November 20, 2017 / 7:14 AM / a year ago

NZ leader warns re-entry to coal mine to recover bodies could prove too risky

FILE PHOTO: New Zealand's Prime Minister Jacinda Ardern waves to student dancers (not pictured) upon her arrival to attend the Association of Southeast Asian Nations (ASEAN) Summit and related meetings in Clark, Pampanga, northern Philippines November 12, 2017. REUTERS/Erik De Castro

SYDNEY (Reuters) - Efforts to recover the bodies of 29 men entombed in a coal mine disaster in New Zealand seven years ago could be jeopardised over safety concerns, the country’s newly-elected Prime Minister, Jacinda Ardern said on Monday.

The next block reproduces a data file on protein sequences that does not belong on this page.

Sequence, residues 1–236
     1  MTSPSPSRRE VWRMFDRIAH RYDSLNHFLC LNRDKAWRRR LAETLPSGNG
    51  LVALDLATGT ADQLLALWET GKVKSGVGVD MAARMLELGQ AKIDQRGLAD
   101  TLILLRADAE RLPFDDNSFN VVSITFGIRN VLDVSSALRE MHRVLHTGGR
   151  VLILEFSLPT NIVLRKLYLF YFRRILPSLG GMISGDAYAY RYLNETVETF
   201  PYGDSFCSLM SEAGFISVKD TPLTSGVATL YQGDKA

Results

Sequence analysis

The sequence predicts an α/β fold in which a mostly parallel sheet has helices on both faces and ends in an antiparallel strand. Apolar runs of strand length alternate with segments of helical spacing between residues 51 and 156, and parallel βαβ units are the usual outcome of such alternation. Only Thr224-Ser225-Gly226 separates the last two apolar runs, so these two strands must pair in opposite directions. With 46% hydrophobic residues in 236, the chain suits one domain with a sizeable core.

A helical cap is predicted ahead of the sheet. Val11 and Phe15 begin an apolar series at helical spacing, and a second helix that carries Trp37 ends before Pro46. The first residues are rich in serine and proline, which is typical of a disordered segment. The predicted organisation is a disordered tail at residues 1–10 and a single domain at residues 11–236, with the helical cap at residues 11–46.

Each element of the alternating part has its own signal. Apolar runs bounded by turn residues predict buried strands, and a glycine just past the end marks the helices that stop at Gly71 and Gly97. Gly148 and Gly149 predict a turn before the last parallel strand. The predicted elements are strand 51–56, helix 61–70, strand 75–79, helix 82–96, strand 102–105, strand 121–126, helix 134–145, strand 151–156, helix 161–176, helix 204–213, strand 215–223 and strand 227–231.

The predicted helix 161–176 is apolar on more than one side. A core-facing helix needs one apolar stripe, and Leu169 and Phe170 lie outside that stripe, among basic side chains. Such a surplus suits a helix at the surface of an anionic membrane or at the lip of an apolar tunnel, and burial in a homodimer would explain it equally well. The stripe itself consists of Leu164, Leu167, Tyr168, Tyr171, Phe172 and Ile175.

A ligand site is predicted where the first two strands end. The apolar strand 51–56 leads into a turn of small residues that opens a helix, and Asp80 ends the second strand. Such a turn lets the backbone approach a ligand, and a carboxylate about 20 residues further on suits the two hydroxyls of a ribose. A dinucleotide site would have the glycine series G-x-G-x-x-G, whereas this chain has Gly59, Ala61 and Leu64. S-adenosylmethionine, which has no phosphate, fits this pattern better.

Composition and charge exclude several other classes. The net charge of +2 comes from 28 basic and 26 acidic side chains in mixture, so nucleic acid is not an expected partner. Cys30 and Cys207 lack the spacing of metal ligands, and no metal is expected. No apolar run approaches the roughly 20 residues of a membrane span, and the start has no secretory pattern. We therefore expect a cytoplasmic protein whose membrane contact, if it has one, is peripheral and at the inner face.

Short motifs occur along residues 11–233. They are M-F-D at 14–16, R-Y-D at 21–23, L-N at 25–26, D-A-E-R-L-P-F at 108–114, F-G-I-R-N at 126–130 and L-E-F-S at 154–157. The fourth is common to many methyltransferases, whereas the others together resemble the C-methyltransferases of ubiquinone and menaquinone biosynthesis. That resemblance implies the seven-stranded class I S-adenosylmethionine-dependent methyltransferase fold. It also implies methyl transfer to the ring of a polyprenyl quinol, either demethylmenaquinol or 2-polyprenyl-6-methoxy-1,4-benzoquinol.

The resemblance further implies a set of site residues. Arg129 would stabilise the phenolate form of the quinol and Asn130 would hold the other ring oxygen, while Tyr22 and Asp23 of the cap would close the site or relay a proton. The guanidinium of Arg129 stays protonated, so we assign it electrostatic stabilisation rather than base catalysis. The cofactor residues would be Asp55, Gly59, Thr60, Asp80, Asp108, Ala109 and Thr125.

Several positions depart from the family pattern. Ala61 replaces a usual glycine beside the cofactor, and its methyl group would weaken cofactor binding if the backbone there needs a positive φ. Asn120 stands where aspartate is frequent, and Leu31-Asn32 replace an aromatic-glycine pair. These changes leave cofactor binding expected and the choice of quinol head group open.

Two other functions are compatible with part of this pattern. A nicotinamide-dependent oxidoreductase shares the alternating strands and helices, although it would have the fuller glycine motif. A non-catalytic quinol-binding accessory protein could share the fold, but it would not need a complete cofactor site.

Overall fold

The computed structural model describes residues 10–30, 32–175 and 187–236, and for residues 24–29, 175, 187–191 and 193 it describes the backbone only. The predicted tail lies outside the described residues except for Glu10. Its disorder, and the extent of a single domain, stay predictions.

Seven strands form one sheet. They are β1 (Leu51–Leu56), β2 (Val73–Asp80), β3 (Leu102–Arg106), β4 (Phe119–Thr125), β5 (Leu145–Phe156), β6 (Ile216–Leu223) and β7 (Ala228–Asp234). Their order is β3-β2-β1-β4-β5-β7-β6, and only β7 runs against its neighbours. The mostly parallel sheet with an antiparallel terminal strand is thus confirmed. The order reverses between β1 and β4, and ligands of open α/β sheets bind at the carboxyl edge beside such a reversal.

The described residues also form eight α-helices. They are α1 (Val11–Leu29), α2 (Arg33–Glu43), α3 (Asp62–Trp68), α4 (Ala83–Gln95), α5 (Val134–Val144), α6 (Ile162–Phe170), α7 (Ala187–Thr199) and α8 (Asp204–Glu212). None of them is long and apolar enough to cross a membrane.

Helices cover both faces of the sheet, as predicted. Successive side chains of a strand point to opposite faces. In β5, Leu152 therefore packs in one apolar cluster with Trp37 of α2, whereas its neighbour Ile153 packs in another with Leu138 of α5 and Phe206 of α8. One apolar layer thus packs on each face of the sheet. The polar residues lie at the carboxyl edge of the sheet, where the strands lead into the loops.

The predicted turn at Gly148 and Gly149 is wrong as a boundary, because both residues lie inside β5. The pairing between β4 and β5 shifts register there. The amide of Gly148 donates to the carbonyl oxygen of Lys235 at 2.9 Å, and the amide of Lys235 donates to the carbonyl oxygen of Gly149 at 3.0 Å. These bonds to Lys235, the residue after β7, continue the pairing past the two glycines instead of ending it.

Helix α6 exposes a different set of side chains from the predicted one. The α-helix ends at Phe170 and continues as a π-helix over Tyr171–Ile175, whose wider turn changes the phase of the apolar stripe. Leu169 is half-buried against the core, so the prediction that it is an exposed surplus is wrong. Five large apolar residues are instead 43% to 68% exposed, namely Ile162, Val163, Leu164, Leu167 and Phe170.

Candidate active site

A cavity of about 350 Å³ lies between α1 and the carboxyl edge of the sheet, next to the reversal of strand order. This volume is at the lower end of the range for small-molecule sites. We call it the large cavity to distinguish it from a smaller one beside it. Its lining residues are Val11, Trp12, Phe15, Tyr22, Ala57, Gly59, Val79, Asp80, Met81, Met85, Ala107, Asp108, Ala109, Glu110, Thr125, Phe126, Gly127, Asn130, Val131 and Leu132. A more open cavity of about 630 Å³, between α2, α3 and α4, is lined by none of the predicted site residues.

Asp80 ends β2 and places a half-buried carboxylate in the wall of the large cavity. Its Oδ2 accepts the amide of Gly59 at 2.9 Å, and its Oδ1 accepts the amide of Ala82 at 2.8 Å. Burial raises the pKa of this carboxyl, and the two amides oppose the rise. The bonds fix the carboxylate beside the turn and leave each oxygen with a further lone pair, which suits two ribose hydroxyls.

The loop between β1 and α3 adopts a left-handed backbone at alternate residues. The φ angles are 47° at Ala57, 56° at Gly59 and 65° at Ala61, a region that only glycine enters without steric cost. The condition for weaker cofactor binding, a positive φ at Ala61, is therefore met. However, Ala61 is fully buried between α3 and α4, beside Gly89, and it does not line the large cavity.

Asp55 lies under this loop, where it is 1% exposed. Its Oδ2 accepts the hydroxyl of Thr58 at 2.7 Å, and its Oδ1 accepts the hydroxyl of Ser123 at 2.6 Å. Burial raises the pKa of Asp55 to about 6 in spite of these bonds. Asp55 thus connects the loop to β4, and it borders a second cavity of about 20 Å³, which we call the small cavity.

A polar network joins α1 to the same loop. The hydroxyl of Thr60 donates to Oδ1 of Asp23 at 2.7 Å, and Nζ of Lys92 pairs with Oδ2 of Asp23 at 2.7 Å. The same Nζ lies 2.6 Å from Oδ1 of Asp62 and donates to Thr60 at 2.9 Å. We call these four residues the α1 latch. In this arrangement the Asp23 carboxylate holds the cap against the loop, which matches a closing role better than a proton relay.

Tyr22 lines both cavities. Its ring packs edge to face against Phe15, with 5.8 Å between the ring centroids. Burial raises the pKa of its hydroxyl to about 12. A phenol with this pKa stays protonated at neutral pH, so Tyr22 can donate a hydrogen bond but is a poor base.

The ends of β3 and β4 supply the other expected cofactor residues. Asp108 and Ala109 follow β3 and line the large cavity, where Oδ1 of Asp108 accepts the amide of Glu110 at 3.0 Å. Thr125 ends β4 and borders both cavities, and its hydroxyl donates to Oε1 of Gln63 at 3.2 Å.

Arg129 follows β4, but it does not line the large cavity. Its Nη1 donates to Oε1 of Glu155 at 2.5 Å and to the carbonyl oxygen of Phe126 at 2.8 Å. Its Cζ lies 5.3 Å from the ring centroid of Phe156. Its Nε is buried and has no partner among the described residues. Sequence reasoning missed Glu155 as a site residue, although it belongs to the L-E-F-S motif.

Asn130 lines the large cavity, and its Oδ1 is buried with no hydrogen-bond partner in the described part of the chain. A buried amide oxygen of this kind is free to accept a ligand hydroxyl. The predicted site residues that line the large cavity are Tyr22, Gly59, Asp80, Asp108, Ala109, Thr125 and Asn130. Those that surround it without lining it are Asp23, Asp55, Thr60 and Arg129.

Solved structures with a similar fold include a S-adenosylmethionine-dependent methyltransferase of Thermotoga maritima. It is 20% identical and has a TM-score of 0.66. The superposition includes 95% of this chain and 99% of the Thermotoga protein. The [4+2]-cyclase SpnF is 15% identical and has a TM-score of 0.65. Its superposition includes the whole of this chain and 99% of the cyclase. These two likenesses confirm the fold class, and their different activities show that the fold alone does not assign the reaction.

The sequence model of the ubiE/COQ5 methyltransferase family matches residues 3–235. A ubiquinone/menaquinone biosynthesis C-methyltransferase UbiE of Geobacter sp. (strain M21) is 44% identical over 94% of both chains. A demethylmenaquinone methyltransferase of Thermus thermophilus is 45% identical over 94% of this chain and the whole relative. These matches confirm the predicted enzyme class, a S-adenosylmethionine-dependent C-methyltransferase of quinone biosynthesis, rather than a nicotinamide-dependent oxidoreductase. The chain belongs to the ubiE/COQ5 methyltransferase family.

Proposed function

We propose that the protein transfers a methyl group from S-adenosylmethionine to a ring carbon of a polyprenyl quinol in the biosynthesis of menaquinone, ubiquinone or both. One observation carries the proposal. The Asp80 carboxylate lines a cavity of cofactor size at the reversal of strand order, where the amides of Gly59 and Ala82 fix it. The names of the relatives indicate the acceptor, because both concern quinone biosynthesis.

Ardern made a pre-election promise to create a plan within 100 days to reunite families with the remains of the lost men.

Zealand has established a special agency to study ways to re-enter the Pike River mine by March 2019 and recover the bodies, but Ardern told reporters it could prove too dangerous.

On the afternoon of November 19, 2010, a series of explosions ignited by methane ripped through the mine on the west coast of New Zealand’s South Island, trapping 31 men, two of whom managed to escape.

“There will be risks, our role is to mitigate them as far as possible and to weigh up whether there is an acceptable level of risk,” Ardern said. “We’ve got to do it with all the information… weigh up those risks as we go.”

Reporting by James Regan; Editing by Michael Perry

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